Global Report for Research on Infectious Diseases of Poverty

Box 1. GLOBAL REPORT FOR RESEARCH ON INFECTIOUS

DISEASES OF POVERTY: development phases


PHASE I: Expert discussions and literature reviews
Convened by the Special Programme for Research and Training in Tropical Diseases (TDR), a Think Tank of world experts reviewed and deliberated on infectious diseases of poverty particularly social and economic drivers and the communities affected to produce 10 disease and thematic reference group reports identifying top research priorities.

PHASE II: National, regional and global stakeholder consultations


A cross-section of national, regional and global stakeholders, including researchers, funders, decision-makers and representatives from public and private organizations, were convened in a forum hosted by ministers of health or regional health organization leaders for each reference group. Here, the findings and recommendations emerging from each Think Tank report were discussed and debated. The outcomes and input from this process were used to update and finalize the priorities outlined in the Think Tank reports.

PHASE III: Synthesis of ideas


International leaders were invited to be authors of the Global Report and included former ministers of health and of science and technology, policy-makers, research leaders and experts in public health. Supported by research fellows, these authors reviewed the 10 Think Tank reports, conducted additional literature research, and worked together to agree on core themes and develop options for actions.

The TDR secretariat and external consultants provided support for the development, writing and production phases of the Global Report.

the development of this report

Global Report for Research on Infectious Diseases of Poverty

Introduction

diseases of poverty. They include innovation and new technologies in line with the call for an agreed set of research priorities in the Global Strategy and Plan of Action on Public Health, Innovation and Intellectual Property (GSPOA)1. The focus on environment and climate change highlights disease vulnerability of poor communities, while the health delivery systems for universal coverage theme was chosen following the call to action from the Bamako Global Ministerial Forum on Research for Health, November 20082, (further addressed by deliberations at the Health Systems Research and Universal Coverage Symposium in 2010)3. Presented in six chapters, this report is a distillation of the evidence, ideas and priorities that emerged from the stewardship initiative and provides an ambitious set of options for action. The report is essential reading for policymakers, funders and research leaders. Implementation of the actions proposed in this report should help improve current research prioritization processes, guide investment strategies and enhance commitment to using research to promote global health equity. If, like the MDGs, these options for action are focused on by policy-makers, funders and researchers, they should lead to well-planned, effective, and powerful health interventions. The task now is to develop and focus attention on key actions that are most likely to have a significant public health impact on poor populations.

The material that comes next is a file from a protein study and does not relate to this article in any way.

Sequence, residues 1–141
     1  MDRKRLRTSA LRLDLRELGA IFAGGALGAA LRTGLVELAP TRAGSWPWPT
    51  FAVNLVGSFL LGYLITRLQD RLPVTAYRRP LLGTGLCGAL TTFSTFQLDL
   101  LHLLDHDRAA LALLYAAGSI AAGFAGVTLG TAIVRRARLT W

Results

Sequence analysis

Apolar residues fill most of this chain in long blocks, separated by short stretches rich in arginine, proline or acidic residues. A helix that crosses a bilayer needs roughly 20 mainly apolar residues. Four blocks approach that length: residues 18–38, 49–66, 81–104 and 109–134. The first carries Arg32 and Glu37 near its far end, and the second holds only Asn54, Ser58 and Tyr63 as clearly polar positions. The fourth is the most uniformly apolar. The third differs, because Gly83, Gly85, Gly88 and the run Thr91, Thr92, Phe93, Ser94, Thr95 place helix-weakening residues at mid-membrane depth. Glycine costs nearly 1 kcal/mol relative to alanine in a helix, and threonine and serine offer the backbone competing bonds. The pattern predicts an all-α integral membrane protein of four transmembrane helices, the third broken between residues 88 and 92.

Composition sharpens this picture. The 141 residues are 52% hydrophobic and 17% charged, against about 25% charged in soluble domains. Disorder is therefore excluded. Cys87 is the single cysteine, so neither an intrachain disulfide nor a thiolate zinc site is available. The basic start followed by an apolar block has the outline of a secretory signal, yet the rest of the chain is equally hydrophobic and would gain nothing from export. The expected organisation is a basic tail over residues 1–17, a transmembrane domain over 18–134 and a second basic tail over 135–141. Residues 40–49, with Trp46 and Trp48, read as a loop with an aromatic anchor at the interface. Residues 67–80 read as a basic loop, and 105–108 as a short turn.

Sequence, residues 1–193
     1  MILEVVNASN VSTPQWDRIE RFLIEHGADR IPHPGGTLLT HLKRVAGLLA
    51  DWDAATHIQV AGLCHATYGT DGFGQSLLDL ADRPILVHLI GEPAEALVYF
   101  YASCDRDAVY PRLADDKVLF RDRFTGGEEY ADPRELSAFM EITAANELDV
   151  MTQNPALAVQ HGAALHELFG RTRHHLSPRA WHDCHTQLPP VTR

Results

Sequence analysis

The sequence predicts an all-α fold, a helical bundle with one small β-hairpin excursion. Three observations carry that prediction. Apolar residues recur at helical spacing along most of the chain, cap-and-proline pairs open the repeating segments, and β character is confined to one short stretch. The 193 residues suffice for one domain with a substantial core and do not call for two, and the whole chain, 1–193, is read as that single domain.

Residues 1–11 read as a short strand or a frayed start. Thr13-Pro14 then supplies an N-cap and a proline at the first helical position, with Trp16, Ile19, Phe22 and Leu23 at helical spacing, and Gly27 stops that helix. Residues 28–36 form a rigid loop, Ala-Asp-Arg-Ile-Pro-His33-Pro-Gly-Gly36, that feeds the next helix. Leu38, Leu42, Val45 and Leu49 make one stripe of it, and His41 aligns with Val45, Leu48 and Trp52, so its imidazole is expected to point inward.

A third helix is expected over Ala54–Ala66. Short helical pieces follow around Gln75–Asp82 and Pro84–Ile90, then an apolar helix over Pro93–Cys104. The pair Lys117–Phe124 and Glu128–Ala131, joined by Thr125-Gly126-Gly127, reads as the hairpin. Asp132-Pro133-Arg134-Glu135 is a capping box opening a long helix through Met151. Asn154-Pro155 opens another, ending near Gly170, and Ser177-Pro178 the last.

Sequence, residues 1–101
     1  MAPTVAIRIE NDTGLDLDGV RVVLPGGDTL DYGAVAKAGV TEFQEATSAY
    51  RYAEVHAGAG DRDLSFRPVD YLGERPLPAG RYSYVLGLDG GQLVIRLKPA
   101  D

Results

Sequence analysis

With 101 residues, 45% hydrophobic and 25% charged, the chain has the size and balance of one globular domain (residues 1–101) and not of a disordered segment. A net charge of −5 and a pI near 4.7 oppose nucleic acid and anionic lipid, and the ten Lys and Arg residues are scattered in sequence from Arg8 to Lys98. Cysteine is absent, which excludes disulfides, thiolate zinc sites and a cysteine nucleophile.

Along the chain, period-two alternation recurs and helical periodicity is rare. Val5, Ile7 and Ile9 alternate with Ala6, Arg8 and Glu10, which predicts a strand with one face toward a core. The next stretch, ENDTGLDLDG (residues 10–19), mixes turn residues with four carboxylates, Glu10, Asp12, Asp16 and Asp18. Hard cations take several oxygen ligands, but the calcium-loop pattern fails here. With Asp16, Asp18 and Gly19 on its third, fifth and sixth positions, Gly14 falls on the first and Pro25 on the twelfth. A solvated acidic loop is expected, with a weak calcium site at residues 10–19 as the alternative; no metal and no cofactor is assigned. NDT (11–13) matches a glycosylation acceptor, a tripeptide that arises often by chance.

Global Report for Research on Infectious Diseases of Poverty

Intorduction

Dr Ayoade MJ Oduola Project coordinator Former coordinator, Stewardship and Empowerment, TDR

1 http://www.who.int/phi/implementation/phi_globstat_action/en/, accessed 20 February 2012. 2 http://www.tropika.net/svc/specials/bamako2008/call-for-action/call, accessed 20 February 2012. 3 http://www.hsr-symposium.org/hsr2010/, accessed 20 February 2012.

the development of this report

Acknowledgements